The Challenge is to write an entire post without the use of a particular letter. Eschewing a vowel is extra brave, it’s said, so I’m going without the “sometimes vowel.”
The Alphabet Without the Sometimes Vowel
A is a dependable letter. It can stand alone. It is faithful and valuable. Nothing spectacular, kind of quiet about its business, but there, all the time. There are 33 A’s in this short paragraph alone. Important words don’t often start with A. America does. As do absurd and asinine, both useful descriptors as we witness the workings of America’s government (or lack thereof).
B is the opposite, bustling in behind A, it is an assertive letter. Like a bull in a china shop, it busts into a sentence, blustering and being big. People whose names begin with B are Buds and Burts and Berthas– with big voices and boisterous laughs. An aside: this video of a bull in a china shop belies the metaphor.
C is complicated – schizophrenic. At times a nice, soft sound, as in nice or citrus. And at times a callous, uncompromising letter used to scare people — Communist, Corporation, Cholesterol. And, of course, Cancer. Still, it’s a cooperative letter, and works well with others, acknowledging that it could be lacking on its own.
D still brings back dismal feelings of defeat. It is what I got in a high school math class (starting with G and having do with triangles and such), and that was *after* Mr. Griffin went and asked Mr. Williamson not to fail me.
E is an excellent letter, relating with ease and connecting to each letter like a sociable aunt. It is also the first letter in elephant, this writer’s all-time favorite animal and a cool word in itself.
F – back to high school. I got them twice, both times for failing to attend classes that were rude enough to be scheduled during sweetheart of the week’s lunch break. One of the classes I failed was Band, and the other was the class that taught me how to find and use letters on a machine used for writing. What I’m doing now.
G begins Griffin, which I used to hate, but which I have grown to respect. I used to think it too serious. Solid, a tad masculine. But it knows how to have fun. It’s Welsh, which isn’t as fun as Irish, but still…
H. Hmmm. I haven’t much feeling for H. I suppose it’s cooperative like C, changing and morphing and toughing it out when it’s not in the place of Honor.
I is all about me. And I like that. I like to write I. I. I. Don’t we all? I could not write a post without the letter I.
J has got strange juju – like juju, it can be good or bad. As in Scrabble – nailing a triple-letter score, J rocks. Left over at the end of the game, it can cost eight points. Jam is good. Jasmine tea is evocative. Jazz can be nice, depending…
K is not a letter for kids. It can start out kind, but is a trickster and can end up knocking a person over or even killing them. Like a King, it can be capricious. I think it suffers from serious codependence with C, and is also just a grump because it doesn’t get to take the lead often.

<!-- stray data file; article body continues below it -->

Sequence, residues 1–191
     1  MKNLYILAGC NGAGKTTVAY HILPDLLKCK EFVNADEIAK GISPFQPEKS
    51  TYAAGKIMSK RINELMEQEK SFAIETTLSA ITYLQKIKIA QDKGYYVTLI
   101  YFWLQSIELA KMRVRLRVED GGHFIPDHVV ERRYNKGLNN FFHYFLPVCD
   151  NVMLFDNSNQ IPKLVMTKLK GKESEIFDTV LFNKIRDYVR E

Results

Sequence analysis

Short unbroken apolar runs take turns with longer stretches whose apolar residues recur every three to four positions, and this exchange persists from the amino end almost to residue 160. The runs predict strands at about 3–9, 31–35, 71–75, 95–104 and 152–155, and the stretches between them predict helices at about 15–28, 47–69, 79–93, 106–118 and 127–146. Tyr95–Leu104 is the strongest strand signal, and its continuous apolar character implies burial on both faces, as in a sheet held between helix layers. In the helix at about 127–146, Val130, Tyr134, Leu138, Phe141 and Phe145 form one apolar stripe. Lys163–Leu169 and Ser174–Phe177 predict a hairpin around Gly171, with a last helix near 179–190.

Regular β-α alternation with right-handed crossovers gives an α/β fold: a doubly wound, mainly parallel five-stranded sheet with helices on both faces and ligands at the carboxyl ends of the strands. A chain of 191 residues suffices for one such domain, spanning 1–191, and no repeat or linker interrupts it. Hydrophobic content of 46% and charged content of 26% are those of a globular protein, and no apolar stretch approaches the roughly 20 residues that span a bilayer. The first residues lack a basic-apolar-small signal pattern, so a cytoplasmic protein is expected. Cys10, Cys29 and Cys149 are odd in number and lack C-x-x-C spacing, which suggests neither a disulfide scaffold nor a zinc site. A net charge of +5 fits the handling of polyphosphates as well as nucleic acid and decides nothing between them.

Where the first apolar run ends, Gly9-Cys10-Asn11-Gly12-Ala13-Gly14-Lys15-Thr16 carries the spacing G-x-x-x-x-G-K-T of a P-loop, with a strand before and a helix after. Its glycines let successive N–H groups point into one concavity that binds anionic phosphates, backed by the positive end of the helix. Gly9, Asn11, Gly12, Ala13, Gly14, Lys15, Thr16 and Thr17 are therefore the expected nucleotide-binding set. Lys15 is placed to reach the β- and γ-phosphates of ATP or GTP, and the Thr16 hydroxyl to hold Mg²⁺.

L stands for love, and that is all we need.
M starts Melanie, which I like better than Griffin. The best friend from childhood is the sole person who gets to call me Griffin. M is melodious, musical (are those the same?) and begins cool words like maestro and magician.
N. I have no opinion. It is a non-sound, a nothing, a neutral letter. Nada.
O makes me laugh. It can be opinionated and official, but I don’t take that to heart. It’s the shape of a surprised mouth and round, surprised pupils. And that is simple lightheartedness. October, too, is light — bright and crisp.
P presents a preponderance of paths to explore. Lots of words start with P, and the letter, like A, is applicable to the opposition of the political parties in D.C. at present. Apoplectic parading before the press and parsimonious pissing matches proliferate. Plus pandering.
Q. Talk about codependence. I don’t even want to mention U in this paragraph, because the Q will get all quiverish. Of late, we are seeing too much of Q as the queen of “Sequestration.”
R – I like R. It is rich and round and rolls off the tongue. Rambunctious at times, it gets riled up and romps ‘round the house, rousing drowsing folk. Then out of the blue, it relaxes and becomes more reserved and reticent, even sometimes bordering on routine. But a reassuring routine, not a boring one.
S, for me, is one of the most sublime of all the letters. Such sounds! How it sings to us and sanctifies our speaking and listening. It can hush – Shhhh — or it can scream, if pressed. It has spirit. Scarce it is not, as it signifies pluralism and adds abundance wherever it lands.
T, like dependable A, deserves our trust. It is tough, but lightweight; there in the past, the present, and the future.
U is unobtrusive, but ubiquitous. Thank God for it. Otherwise, where would Q be?
V is a venerable letter. It is old-fashioned, in a sense. World War II old-fashioned, as in valor and victorious. Vacuous and vapid ought not to start with a V; it is not appropriate. And I wish that vicious did not either. Oh, but now I’m off on the D.C. villains again.
W – Words with weight owe their being to W. Wisdom, worth, world. But also wild and whimsical.
X is fortunate that the word “oxen” exists, or Scrabble mavens would despise it. It is an extreme example of the “weird letters.” Unless it can persuade an E to lead it around, or a chemist to name a food additive after it, it’s stuck with the instrument that ends with “ophone” and those medical imaging thingies – neither of which I can mention because each contains…
The unspoken letter, the lack of which isn’t so bad, except that I cannot speak to the reader in second person, and I miss – the other person.
Z we love because it is Z. It’s a zealous word, but Zen at the same time. It’s nice that someone thought to start a flower’s name with Z — the Zinnia.
Photo From Wikipedia Commons